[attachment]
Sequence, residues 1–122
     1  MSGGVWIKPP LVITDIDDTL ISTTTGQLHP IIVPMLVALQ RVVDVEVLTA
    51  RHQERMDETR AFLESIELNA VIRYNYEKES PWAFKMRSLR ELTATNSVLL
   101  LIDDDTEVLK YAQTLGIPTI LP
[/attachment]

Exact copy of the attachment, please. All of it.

Sequence, residues 1–122
     1  MSGGVWIKPP LVITDIDDTL ISTTTGQLHP IIVPMLVALQ RVVDVEVLTA
    51  RHQERMDETR AFLESIELNA VIRYNYEKES PWAFKMRSLR ELTATNSVLL
   101  LIDDDTEVLK YAQTLGIPTI LP